7 Unknown Complications of Assisted Delivery


Delivering a baby is like walking on path of roses, it seems very beautiful but only you know how much those thorns prick!

During pregnancy a mother goes through an emotional, social as well as physical turmoil. The pain she faces is really beyond imagination. Due to this sometimes new mothers are suggested an option of assisted deliveries, even if normal deliveries are possible. If you are planning to take any such decisions then do take a look at this article and then decide.

Assisted deliveries are performed under certain conditions, when normal delivery is risky to mother or the baby. In these deliveries an aid is used to help the mother to push her baby through birth canal. They are of two types

7 Unknown Complications of Assisted Delivery

1. Forceps delivery

In forceps delivery an instrument which is like a forceps is used. These forceps come in various size and shapes, they are chosen according to need. Baby is pulled from the birth canal with the help of them by an external force.

2. Vacuum assisted delivery

The instrument used here is known as “Ventouse”. It is made up of a manometer, a cup like structure and a pump. The cup is attached to the head of baby by creating vacuum between the baby’s head and the instrument and then baby is guided through the birth canal.

Assisted Delivery

Indications for assisted deliveries are

1. Maternal exhaustion

If mother is exhausted due to some reason the she is helped with assisted deliveries.

2. Position

The normal position of baby is head down and facing backwards, if the baby is not in normal position, then it has to be rotated and assisted through the birth canal. It is done in assisted deliveries.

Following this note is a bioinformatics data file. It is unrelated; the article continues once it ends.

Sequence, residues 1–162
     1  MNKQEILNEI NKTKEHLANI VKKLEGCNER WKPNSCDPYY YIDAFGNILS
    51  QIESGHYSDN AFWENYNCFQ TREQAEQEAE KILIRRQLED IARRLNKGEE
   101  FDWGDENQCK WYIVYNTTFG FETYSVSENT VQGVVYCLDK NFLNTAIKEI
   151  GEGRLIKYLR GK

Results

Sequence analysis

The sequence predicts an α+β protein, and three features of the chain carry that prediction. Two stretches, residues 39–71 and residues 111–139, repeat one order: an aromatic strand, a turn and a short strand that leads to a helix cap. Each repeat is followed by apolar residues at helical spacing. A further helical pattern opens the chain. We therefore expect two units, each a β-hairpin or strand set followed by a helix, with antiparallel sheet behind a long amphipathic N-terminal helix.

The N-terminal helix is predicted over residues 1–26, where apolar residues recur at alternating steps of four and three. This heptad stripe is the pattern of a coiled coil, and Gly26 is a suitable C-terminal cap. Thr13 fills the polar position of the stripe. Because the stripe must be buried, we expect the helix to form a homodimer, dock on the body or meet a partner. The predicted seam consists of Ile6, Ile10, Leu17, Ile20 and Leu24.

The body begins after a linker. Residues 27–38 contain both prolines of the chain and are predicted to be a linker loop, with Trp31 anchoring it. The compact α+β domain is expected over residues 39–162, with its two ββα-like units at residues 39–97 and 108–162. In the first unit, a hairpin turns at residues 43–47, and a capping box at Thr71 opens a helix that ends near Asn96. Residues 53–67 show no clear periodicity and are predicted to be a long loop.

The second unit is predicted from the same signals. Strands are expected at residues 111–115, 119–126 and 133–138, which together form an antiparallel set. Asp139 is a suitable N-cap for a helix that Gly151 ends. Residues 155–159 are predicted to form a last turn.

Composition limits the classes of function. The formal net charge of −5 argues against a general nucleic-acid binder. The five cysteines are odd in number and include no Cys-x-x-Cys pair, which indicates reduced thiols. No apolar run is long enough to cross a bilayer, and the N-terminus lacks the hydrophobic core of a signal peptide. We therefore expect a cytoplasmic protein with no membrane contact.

3. Maternal health

If mother suffers from any serious health conditions like hypertension, cardiac diseases, spinal cord injuries, cerebrovascular diseases then assisted delivery has to be performed otherwise labour can aggravate her condition.

4. Prolonged labour

Labour is divided into 3 stages. In first stage the cervix starts dilating and preparing for the delivery of baby. Its duration varies between 6 hours to 12 hours. Second stage is the stage where baby starts descending and it varies from 30 minutes to 2hours. Whereas the third stage is the expulsion of placenta which is of 20-30 minutes. If there is prolongation of 2nd stage of labour, baby may face the problem of lack of oxygen. So in this condition assisted delivery is opted.

5. Foetal distress

Doctor normally monitors the foetal heart beats, if he finds anything abnormal, then the baby is said to be in distress. To relieve the stress baby has to be delivered as soon as possible an in such situations, assisted delivery is performed.

6. Post mature baby

Post maturity is the condition in which there is no initiation of labour even after normal 40 weeks of pregnancy.

In all these cases assisted delivery has to be performed, to prevent any harm to mother or baby. But of course there are some risks associated with these techniques. You already may know some of them like superficial scarring to the baby’s scalp, injury to mother, haemorrhage but some of these are rare as well as dangerous. So let us see 7 unknown complication of assisted delivery.

Pelvic organ prolapse of mother

Pelvic region is the region of your waist where your pelvic bone is situated. Pelvic organs in female are- bladder, uterus and ovaries. When these organs descend leaving their normal position, they are said to have be prolapsed. This mainly happen when the muscle supporting these organs become weak or gets damaged and cannot support the organ any more. It is more common in forceps assisted delivery than vacuum assisted delivery. During forceps assisted delivery, forceps is introduced deep in the birth canal. Due to which there is risk of damage to the pelvic muscles. This damage can show right after delivery, or even there can be prolapse after a time period.

2. Stress Urinary incontinence

Urinary incontinence means unable to hold urine. In this condition, it is triggered by stress, hence known as stress urinary incontinence. The act of urination is regulated by sphincter muscle. If the muscle is damaged, loosen or weaken then there is loss of control over the act. During forceps delivery there is excessive tearing of muscles in which sphincter muscle may also get damaged. Even anal sphincter is at the risk of same, though the risk of faecal incontinence is far less than urinary incontinence